Commonwealth v. Harrison, supra, was a criminal prosecution for violation of the Pennsylvania Blue Sky Law. The defendants in that case were attempting to prove they were exempt from the provisions of the law. One of the requirements was that the stock be sold exclusively for the benefit of the corporation, and that no commissions or other remuneration be retained by the person making the sale. To prove this, defendants put on the corporation’s office manager, who was also the wife of one of the defendants. She testified that all proceeds from the sales in question went into the treasury of the corporation. None of the records or books of the corporation were produced, and the jury found the defendants guilty thereby determining the sales were not proven exempt.
On a reading of the pertinent part of the opinion, it is evident that defendants had failed to carry their burden of persuasion by the uncorroborated testimony of the office manager. Thus, the question was not whether, as a matter of law, the corporate books had to be produced to sustain the burden of proving an exemption, it was really a question of whether the defendants had persuaded the jury. The language used by the court was merely to illustrate what defendants might have done to be more convincing.
The other two cases cited by plaintiffs, People v. Wilson, supra, and McBreen v. Iceco, Inc., supra, merely support the rule imposed on this court by statute, that when defendants rely on an exemption as a defense, the burden of proof thereof is on the party so alleging. § 48-18-33(a), supra.
Although the introduction of the corporate records would have added to the quality of the evidence, we see nothing in § 48-18-33(a), supra, that indicates the legislature intended anything beyond fixing where the burden of proof lies, and did not intend to impose a higher standard of proof than that ordinarily required in civil actions.
This being so, our review is limited to whether the facts found by the trial court, upon which a conclusion of exemption under § 48-18-22Q), supra, is based, are supported by substantial evidence. Adams v. Cox, 55 N.M. 444, 234 P.2d 1043; Mosely v. National Bankers Life Ins. Co., 66 N.M. 330, 347 P.2d 755. Of course, if *434the trial court’s findings are supported, they will not be disturbed on appeal. Entertainment Corp. of America v. Halberg, 69 N.M. 104, 364 P.2d 358; Sellers v. Skarda, 71 N. M. 383, 378 P.2d 617; Gladin v. Compton, 72 N.M. 175, 381 P.2d 961. This is true even though a contrary finding woidd likewise be sustained, or might in our opinion be more, appropriate. State ex rel. State Highway Comm. v. Tanny, 68 N.M. 117, 359 P.2d 350; Templeton v. Pecos Valley Artesion Conservancy Dist., 65 N.M. 59, 332 P.2d 465; Kutz Canon Oil & Gas Co. v. Harr, 56 N.M. 358, 244 P.2d 522.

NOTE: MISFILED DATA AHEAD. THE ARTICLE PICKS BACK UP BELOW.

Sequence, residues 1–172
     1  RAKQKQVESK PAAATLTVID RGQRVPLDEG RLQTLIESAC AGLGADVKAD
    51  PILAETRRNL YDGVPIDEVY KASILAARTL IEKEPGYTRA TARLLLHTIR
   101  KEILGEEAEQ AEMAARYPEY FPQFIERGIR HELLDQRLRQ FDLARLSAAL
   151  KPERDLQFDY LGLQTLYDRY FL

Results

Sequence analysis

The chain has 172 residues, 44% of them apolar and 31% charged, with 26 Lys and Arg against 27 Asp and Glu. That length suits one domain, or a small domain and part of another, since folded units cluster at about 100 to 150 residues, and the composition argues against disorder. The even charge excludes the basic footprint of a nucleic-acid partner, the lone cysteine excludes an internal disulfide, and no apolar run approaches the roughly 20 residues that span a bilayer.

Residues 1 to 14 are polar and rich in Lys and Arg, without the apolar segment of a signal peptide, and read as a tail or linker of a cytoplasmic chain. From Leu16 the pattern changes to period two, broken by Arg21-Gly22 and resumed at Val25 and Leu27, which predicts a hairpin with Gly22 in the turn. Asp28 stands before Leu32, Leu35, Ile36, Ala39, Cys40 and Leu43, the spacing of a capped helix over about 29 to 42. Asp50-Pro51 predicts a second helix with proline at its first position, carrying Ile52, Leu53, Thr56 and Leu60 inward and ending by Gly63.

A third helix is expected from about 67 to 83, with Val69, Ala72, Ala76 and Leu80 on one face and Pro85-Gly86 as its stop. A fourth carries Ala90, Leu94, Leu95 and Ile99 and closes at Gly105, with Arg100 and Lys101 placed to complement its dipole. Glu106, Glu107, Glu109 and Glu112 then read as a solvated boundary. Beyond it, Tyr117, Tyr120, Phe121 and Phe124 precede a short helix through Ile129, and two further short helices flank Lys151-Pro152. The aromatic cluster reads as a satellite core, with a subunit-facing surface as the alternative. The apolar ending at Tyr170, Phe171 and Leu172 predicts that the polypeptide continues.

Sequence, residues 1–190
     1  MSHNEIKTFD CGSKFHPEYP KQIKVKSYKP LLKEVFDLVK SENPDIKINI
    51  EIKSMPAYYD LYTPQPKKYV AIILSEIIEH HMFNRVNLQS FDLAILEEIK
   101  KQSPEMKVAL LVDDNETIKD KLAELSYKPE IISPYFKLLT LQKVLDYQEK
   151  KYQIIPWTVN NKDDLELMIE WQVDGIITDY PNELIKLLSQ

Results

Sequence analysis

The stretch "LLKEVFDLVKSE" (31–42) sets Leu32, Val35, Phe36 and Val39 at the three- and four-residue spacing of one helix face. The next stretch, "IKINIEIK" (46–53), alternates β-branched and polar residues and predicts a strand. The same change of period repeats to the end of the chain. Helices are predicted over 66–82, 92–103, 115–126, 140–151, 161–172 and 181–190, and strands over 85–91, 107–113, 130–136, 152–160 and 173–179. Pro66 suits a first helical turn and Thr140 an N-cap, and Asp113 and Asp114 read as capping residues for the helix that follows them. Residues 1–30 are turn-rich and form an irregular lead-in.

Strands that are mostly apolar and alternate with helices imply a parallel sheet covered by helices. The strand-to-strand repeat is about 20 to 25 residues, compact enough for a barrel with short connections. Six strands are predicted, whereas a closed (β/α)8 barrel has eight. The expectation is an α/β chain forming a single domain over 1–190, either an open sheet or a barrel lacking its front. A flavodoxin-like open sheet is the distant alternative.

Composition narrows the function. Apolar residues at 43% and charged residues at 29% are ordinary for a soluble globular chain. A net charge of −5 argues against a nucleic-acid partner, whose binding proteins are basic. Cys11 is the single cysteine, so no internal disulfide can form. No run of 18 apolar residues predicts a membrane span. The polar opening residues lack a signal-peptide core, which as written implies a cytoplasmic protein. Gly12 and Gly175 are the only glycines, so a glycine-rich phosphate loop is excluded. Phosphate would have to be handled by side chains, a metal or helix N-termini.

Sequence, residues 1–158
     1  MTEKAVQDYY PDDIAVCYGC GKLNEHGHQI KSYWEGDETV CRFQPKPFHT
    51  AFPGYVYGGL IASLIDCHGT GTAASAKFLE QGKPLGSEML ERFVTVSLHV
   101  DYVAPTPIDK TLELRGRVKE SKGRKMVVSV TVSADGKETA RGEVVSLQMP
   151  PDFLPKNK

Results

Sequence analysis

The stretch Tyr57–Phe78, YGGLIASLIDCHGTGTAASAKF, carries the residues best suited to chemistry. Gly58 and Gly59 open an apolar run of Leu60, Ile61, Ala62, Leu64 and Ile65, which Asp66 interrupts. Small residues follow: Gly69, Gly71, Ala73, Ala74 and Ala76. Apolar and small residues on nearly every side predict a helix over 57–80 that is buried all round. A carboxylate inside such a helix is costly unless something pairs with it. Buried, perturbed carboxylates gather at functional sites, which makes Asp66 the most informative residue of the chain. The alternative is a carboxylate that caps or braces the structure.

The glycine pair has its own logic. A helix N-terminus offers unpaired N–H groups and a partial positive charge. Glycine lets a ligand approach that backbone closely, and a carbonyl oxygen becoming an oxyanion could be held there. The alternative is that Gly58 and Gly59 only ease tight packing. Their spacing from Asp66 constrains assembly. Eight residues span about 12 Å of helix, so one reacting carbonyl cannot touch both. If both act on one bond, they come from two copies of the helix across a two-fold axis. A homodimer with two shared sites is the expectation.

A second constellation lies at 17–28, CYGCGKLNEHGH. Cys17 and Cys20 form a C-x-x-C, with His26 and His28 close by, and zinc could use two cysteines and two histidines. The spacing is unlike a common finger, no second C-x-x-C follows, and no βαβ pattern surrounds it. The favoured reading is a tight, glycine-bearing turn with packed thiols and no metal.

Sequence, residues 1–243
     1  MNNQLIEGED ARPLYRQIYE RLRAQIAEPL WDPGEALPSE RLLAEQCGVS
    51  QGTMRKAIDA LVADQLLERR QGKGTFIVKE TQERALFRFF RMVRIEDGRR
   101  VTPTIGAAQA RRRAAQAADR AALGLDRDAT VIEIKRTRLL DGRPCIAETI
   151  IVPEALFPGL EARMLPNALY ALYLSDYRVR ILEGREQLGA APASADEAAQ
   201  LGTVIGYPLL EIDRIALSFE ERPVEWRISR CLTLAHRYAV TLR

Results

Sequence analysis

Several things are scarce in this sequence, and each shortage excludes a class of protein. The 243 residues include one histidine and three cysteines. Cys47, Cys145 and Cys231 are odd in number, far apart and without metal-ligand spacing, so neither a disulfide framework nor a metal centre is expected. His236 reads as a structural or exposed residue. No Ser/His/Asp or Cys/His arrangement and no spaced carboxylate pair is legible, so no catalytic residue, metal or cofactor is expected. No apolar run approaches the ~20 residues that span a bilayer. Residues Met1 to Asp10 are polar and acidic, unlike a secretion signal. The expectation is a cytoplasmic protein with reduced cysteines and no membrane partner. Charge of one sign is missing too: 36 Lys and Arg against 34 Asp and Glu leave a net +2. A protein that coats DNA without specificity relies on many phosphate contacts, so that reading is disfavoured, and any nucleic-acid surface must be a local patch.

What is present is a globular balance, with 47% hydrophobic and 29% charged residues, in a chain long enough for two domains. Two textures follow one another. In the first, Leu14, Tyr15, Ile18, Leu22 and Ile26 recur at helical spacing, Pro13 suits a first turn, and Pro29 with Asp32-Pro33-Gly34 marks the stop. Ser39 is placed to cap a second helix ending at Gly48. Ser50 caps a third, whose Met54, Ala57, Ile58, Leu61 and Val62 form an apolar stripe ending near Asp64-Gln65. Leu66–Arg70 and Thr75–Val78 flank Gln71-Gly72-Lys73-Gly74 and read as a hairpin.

At the trial, there was testimony by both Lohbeclc and Wainwright indicating that these sales fell within the exemption of § 48-18-22Q), supra. Although the proof produced may have left something to be desired, the findings of exemption did have support in the evidence, and were not inherently improbable. Compare, Kutz Canon Oil & Gas Co. v. Harr, supra; Addison v. Tessier, 65 N.M. 222, 335 P.2d 554. It follows that plaintiffs’ first point must be ruled against them.
Next, plaintiffs argue that the legislature did not intend for the exemption of § 48-18-22 (J), supra, to apply to a situation such as this. Plaintiff argues that the exemption was intended to apply to the small close corporation wliere additional capital was to be raised by sales to friends and relatives familiar with the business; that, in the instant case, the plaintiffs had no knowledge of the dealings of the corporation and the sale was to a complete stranger. Plaintiffs continue that they were not sophisticated investors, and therefore the statute should not be construed to allow defendants the protection of an exemption.
We cannot agree with plaintiffs for two reasons. First, the court found that plaintiffs purchased the stock after an independent investigation. The evidence also shows that plaintiffs had a certain amount of experience in business. They knew there were risks in this type of enterprise.
Secondly, the legislature, in its wisdom, has set up criteria that will exempt certain sales from the Blue Sky Law. Although, as plaintiffs argue, it is the province of this court to interpret the legislation; nevertheless we cannot depart from the express language of the act. We can only say that the legislature intended what was enacted. That this court would have used other language, does not warrant a disregard for the legislative mandate. Burch v. Foy, 62 N.M. 219, 308 P.2d 199. See 62 Cases, etc., of Jam v. United States, 340 U.S. 593, 71 S.Ct. 515, 95 L.Ed. 566.
Defendants brought themselves within the language of § 48-18-22Q), supra. We cannot now say that the legislature did not mean what it said, or intended to say something that it didn’t. We find nothing in Mamey v. Home Royalty Association of *435Oklahoma, 34 N.M. 632, 286 P. 979, which in any way detracts from what we have said.
In light of the disposition of plaintiffs’ first two points, it is unnecessary to answer the third point as to George Winneberger’s liability as secretary of the corporation in signing the stock certificates issued to plaintiffs.
The judgment appealed from is affirmed. It is so ordered.
COMPTON, C. J., and NOBLE, J., concur.